As the writer of this column is down with fever and couldn’t come with anything new this week, we present below a slightly touched-up version of a piece he had written four years ago on Chennai Metro Rail, which is set for inauguration between Koyambedu (arguably Asia’s biggest bus stand and inarguably world’s biggest dust factory is located here) and Alandur (a place well known for being described nondescript).
Thanks to the Metro Rail, the travel time between the two places will be drastically reduced to around 17 minutes —- the current road travel time is around 30 minutes. The 13 minutes saved is sure to come handy for the public to walk to wherever they had parked their vehicles, because as far as we can see there is not much parking space provided at the Metro stations. But we seem to be getting ahead of ourselves when we are supposed to rewind.
Those who couldn’t read the previous piece —- most likely because they were stuck in a traffic snarl due to the Metro Rail construction work and have managed to make it to their house only now —- can make use of this opportunity to read it now. But for all those still caught in a traffic jam, no worries, when the second phase of Metro Rail is inaugurated we will publish the same piece yet again. Our writer has promised to fall prey to a fever then, too.
And here it goes:
“I am happy that when the Metro Rail becomes operational, it is certain to be a huge success in terms of public patronage, as the authorities seem to have taken up all the roads that are navigable by other means.
These days, there seems to be only two kinds of paved roads in Chennai 1) The ones taken over for the Metro Rail construction. 2) The runway at the airport.
The Metro Rail authorities, left to themselves, would have taken over the runway too, and ordered the flights landing at Chennai to take an easy detour to Kolkata.
NO, I am not exaggerating. And if you ask the question: Will the authorities be stupid enough to think of a railway line above the space meant for airplanes? Well, my answer is: They are anyway stupid enough to think of a railway line above — no, don’t even try guessing this — a railway line.
And this is happening right at Guindy, a location not very far from where the Chennai airport is.
For the sake of those who have not been to these parts, this is the scenario here: There is an existing railway station. There is a pedestrian subway near it. And above all this spans a road bridge. The authorities, smartly realising that a Metro Rail line would reduce all the confusion here, have worked round-the-clock to get up the facility.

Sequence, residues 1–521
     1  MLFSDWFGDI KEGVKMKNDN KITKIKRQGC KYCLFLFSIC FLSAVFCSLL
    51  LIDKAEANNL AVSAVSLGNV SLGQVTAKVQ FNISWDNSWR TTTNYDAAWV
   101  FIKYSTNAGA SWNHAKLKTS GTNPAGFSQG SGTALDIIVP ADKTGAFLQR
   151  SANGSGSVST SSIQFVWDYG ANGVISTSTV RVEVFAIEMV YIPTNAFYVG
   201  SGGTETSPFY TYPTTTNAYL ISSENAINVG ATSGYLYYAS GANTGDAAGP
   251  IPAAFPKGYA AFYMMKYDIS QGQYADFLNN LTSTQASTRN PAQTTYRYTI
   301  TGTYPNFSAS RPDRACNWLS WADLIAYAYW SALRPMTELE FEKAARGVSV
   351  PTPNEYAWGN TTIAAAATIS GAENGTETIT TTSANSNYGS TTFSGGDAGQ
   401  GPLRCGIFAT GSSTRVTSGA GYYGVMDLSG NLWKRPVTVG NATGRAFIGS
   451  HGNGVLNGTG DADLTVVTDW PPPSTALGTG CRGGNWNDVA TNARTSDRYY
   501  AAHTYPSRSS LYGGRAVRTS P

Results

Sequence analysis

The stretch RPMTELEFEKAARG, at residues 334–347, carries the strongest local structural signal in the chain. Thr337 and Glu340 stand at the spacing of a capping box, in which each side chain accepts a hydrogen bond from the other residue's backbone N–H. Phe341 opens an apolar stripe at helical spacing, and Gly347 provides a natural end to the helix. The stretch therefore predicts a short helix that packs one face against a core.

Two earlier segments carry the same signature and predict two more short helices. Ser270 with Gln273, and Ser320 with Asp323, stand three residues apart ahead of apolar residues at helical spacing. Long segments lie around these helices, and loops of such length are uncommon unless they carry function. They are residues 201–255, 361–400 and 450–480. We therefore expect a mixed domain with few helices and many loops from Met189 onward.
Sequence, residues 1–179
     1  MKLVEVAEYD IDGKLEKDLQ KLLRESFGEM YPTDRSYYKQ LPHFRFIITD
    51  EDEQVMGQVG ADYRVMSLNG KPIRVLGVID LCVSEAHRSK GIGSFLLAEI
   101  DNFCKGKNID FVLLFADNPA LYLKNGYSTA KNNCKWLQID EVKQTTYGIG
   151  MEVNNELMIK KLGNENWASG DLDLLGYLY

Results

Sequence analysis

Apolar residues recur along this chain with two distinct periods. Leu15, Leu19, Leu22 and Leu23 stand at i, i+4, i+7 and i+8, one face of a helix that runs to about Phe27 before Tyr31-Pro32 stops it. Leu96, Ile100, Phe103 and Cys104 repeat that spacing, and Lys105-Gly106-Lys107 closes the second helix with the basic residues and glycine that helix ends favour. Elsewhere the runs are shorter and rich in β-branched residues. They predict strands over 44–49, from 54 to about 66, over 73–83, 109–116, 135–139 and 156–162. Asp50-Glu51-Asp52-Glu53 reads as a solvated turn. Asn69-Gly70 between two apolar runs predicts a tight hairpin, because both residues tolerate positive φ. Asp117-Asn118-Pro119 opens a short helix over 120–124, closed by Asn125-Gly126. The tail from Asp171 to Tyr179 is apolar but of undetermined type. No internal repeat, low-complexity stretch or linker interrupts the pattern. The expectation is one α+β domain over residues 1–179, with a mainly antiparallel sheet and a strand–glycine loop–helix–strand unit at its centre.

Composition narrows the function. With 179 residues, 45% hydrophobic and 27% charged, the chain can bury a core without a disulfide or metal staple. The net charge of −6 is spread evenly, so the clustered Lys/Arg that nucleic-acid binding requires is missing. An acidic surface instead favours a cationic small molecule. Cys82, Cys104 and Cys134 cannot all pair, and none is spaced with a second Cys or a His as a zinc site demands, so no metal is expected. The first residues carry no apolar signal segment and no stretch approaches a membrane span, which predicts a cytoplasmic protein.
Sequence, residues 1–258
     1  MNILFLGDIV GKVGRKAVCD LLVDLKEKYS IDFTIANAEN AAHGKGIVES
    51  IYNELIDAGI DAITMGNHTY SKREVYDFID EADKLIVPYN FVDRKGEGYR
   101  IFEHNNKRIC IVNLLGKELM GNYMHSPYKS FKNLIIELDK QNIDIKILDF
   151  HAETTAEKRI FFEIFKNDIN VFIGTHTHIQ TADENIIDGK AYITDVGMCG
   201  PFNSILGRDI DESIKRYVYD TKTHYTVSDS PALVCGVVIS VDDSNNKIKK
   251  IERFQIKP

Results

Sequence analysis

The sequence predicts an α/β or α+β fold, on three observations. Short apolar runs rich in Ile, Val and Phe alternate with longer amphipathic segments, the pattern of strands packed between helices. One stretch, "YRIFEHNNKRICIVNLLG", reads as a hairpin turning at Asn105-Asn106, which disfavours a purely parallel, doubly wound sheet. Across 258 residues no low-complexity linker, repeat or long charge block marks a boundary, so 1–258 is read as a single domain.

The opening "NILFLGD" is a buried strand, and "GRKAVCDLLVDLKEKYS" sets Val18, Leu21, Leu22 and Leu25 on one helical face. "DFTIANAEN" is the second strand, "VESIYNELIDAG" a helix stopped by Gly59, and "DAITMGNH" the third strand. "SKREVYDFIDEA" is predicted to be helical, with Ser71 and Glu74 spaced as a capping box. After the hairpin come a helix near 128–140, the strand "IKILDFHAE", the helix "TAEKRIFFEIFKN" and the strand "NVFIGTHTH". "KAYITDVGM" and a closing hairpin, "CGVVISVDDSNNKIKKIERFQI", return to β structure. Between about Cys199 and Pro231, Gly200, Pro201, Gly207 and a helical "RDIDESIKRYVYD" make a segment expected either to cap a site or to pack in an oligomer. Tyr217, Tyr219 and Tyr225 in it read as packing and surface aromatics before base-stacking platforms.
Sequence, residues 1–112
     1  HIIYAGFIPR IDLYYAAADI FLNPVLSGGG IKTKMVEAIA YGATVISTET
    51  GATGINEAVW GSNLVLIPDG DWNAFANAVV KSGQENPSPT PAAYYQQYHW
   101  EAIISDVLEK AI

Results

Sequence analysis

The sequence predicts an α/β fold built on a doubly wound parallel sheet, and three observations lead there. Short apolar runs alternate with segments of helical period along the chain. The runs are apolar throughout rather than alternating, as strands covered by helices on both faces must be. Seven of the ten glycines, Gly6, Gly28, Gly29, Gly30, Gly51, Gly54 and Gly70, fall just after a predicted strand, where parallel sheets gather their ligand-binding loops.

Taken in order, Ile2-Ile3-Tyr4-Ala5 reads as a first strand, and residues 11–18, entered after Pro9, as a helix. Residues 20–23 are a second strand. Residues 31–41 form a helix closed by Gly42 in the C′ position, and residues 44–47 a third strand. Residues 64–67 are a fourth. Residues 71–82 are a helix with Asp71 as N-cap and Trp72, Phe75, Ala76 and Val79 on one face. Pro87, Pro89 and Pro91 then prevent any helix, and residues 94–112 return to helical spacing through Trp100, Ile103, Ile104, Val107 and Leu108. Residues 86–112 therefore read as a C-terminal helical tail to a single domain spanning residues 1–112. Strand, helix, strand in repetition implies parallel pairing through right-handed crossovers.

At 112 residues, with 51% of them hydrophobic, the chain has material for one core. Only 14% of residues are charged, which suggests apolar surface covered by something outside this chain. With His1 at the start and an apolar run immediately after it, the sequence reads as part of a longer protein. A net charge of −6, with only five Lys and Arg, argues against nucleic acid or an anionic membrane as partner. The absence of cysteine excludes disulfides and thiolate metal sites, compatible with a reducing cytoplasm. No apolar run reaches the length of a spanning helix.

For the incredulous, let me repeat the whole plan: The Metro Rail is above the road bridge, which is above the regular railway line, which is around a pedestrian subway.
Our office is located pretty close to all these. We were majorly hamstrung by all the maddening construction activity. But on the plus side, we may perhaps be the ones to witness first hand, if and when it happens, the world’s first mid-air collision involving an airplane and — wait for it — a train.
Insensitive as it may sound, they should probably ticket the event.
Anyway, if you want to get a hang of the route plan of the Metro Rail, I suggest that you enhance your design understanding by watching the Rajnikanth film Padikathavan.
In the movie, Rajni, who is a taxi-driver, is shown, in a cheesy dream song sequence, to drive his vehicle on the perimeter of nearby high-rise buildings and other similar structures. The Metro Rail, it seems, intends to take such a route.
I base this theory of mine on the fact that, in my neighbourhood, they have smashed several buildings down, which were standing at least 100 metres away from the actual route that the Metro Rail takes. The buildings were on the periphery of the road while the Metro Rail line threads only through the middle of the road. I hope they at least make it mandatory the Rajavukku Raja Naan Thaan song for Metro Rail operators and call the train, Lakshmi.”
PS: Once the Metro Rail becomes operational, Crank’s Corner promises to provide, first-hand, a typical irresponsible take on a journey on it. Provided the writer can make it past the traffic snarls to the station.